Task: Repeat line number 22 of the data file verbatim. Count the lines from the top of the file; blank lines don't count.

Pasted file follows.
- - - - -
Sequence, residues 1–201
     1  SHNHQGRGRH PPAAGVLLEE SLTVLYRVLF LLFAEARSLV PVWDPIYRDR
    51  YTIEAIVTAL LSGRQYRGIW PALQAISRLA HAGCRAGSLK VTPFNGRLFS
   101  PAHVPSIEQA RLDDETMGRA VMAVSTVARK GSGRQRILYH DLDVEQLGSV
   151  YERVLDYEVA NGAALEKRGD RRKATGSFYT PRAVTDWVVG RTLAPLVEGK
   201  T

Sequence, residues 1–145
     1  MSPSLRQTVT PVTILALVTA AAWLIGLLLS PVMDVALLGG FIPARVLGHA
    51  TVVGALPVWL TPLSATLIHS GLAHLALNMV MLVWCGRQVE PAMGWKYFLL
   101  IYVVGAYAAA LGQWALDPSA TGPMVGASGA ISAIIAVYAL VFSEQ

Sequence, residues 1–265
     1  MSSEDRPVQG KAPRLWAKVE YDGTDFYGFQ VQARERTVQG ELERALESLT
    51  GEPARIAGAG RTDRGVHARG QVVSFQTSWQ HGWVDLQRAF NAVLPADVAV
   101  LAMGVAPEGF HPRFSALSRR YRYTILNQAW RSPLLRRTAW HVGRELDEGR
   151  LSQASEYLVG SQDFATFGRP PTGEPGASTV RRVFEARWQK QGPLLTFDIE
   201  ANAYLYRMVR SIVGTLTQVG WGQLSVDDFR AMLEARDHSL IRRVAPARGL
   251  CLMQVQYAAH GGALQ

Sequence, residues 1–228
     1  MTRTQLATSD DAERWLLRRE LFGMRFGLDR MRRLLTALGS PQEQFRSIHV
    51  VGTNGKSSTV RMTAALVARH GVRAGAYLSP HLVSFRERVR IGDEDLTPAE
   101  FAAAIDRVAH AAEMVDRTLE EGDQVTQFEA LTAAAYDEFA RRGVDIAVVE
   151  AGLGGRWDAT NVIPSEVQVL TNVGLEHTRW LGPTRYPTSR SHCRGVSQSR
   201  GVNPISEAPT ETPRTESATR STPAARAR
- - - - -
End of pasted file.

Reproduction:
   151  AGLGGRWDAT NVIPSEVQVL TNVGLEHTRW LGPTRYPTSR SHCRGVSQSR